some people have in other threads called for multitrack warp, which could be really nice for an upcoming update.
But until then there actually is a workaround if you can do with only six channels.
AudioWarp also works in surround, so if you collect six channels in a 6.0 Music channel, you can make free warp on them all simultaneously. Setup is a bit time consuming, but it works.
And if Cubase can do it with six channels, it should be manageable for Steinberg to extend it to multiple channels
(By the way, surround can also be used for side chaining in multi band compression, but thats another story).
…this sounds promising and interesting. I’m going to have to give this a try. Thanks for the tip
I tried this, but is there a way to only move 1 track at a time? I tried this and “ALL” the tracks want to move at the same time… How do you do this?
Does this have any advantage over the ‘quadro’ track method … or just a different example of using Cubase multichannel tracks to access VST2 external SC inputs?
And I’ll continue to complain that VST3 is no substitute for Cubase routing limitations preventing audio > audio for the straightforward use of VST2 external sidechaining.
I might had misunderstood you, but isn’t the whole point in multitrack warp that all tracks should move together, and thereby minimizing phase error
I know that it doesn’t solve the line up problem, but at least you get the possibility to warp multiple channels recorded with spill between channels. I used it for correcting timing problems on snare drum where the snare also was present on the overhead and tom channels.
I don’t know the ‘quadro’ track method, but it might in principle be the same. Maybe I should study this method a bit further
The problem here is that Cubase MultibandCompressor don’t have side chain input. But if you only need compression in one or two channels, the other channels in surround can do the job as side chain.
If you make compression in multichannel, all channels should have the same gain reduction (else the signal would start jumping around the speakers depending on level). The trick is then that you don’t have to worry about noise in floating point DAW, so if you lower the level of your main channel say -20 dB (the channels that shall be compressed), they would not contribute to the compression itself. Now you can adjust threshold, ratio, attack and release to fit the side chain (the other channels at normal level).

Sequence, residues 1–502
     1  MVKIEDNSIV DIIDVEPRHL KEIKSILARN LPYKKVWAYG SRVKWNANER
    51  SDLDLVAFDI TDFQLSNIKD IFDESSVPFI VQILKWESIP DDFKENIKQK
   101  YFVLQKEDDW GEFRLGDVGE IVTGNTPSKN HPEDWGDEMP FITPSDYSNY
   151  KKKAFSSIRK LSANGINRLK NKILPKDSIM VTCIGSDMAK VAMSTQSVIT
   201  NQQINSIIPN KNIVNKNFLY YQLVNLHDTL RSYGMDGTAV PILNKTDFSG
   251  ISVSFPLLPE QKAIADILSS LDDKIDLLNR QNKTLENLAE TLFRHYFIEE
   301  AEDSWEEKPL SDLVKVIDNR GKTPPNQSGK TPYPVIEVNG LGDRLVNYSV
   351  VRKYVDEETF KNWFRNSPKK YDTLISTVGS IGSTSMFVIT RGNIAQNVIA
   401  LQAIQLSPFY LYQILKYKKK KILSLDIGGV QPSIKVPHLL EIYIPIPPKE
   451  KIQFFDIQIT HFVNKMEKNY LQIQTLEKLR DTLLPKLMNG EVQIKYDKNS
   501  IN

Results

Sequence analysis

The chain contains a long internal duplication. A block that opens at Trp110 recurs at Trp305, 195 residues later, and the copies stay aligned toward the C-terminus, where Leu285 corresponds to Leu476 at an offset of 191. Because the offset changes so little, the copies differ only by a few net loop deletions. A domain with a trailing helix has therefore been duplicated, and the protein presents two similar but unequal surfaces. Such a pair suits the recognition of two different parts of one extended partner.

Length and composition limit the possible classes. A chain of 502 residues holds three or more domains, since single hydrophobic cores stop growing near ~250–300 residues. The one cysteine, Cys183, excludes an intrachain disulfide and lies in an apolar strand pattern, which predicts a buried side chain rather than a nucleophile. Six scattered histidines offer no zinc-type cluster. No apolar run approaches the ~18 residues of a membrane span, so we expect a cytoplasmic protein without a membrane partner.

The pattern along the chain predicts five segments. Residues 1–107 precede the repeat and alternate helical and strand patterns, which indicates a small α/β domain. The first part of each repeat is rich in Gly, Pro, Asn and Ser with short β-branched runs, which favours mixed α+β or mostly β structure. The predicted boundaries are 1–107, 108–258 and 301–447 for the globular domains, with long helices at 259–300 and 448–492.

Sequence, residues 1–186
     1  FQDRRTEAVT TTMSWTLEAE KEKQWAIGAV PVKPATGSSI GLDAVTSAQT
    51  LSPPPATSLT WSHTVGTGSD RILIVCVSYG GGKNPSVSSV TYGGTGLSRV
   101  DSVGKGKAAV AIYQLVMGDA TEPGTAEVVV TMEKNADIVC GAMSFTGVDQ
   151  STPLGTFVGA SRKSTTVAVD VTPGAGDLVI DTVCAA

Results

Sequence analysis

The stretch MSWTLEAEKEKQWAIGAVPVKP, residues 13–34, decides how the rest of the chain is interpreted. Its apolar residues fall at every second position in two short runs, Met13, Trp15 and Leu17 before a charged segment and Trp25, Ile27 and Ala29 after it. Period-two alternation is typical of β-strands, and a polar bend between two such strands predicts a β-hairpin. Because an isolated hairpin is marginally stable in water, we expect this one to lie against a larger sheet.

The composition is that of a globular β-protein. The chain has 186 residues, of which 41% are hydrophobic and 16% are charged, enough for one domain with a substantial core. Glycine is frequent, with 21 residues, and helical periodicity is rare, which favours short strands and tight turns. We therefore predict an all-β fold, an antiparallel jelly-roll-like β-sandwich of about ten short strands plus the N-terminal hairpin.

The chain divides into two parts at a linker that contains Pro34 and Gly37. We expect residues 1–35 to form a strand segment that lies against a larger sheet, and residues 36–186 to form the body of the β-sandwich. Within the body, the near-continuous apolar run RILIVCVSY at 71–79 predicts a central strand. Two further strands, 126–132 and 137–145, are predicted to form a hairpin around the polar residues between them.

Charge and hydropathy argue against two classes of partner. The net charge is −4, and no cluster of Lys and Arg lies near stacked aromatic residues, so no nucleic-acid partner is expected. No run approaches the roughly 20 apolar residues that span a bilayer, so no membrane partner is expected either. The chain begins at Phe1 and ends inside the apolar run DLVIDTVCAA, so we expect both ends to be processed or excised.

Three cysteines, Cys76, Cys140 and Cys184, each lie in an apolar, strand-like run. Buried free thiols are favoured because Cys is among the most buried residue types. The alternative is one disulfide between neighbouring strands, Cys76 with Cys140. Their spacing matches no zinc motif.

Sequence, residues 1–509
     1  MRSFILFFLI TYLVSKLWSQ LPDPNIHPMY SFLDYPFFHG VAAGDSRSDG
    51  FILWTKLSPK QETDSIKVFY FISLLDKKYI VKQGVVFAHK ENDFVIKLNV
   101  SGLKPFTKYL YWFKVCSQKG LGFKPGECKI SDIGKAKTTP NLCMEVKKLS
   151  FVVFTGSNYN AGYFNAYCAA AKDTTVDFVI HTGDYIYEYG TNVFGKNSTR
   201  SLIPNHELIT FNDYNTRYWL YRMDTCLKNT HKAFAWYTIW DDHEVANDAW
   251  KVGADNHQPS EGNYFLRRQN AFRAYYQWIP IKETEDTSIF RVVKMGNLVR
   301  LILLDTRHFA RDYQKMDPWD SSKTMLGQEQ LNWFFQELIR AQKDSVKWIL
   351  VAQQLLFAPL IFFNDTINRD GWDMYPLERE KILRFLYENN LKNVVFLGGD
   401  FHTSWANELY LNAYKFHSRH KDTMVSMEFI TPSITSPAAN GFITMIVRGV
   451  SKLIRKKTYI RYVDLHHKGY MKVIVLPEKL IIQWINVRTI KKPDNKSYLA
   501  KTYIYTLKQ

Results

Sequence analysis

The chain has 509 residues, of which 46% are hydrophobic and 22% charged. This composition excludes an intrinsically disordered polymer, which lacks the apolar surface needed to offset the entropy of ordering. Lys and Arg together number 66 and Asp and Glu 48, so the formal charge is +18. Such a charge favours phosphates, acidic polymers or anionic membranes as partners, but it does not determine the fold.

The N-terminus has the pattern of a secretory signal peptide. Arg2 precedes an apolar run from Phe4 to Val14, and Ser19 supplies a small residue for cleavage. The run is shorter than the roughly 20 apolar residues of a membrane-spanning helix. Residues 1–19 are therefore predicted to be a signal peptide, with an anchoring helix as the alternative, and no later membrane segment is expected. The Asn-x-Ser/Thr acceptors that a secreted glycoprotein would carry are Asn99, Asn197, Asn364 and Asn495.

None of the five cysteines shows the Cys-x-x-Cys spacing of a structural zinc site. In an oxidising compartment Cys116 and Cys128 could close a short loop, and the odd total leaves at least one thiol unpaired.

After compression route the main channels back to the mix, and compensate for the lost gain in some other way.
Well, here’s what I’m trying to do… I would like to “look at” the transients of my recorded Kick and snare tracks and try to “line up” my bass track to the hits of my kick and snare tracks. Do you know of a way I can do this …without buying protools ? ?
One option to achieve what you’re looking for.
Step 1 - solo the kick and snare and export/reimport a combined kick and snare track.
Step 2 - detect hitpoints on this new kick/snare track and make a groove quantise from it.
Step 3 - quantise bass track to new groove quantise preset. You can use slice/crossfade method, audio warp quantise or slip editing for this.
Sure its a bit of a workaround but it’ll get the job done.
Having an inplace sample editor would really help though. Then you could free warp in the project window lining up the bass to the kick or snare only where it is off.
In fact being able to see the newly created groove’s grid lines in the sample editor would be a good start.
To the original poster - great tips. Thanks! I never thought about using surround as a method for sidechaining where no sc input is available in the plugin.
And you’re right, if cubase can do 6 channels without phase issues, surely it should be possible to implement a multi track warp on as many channels as the user wishes?
For a method of getting sidechaining to work on vst 2 plugins with support for sidechaining checkout
Or at step 2 after detect hitpoints you can create warp tabs from hitpoints & then freewarp just the notes you feel need moving…bearing in mind that you’re actually trying to move the bass notes to where the warp tabs are originally…not where they’ll end up when you start pulling them around.
Not sure I explained that very well but I’m sure you’ll understand if you try.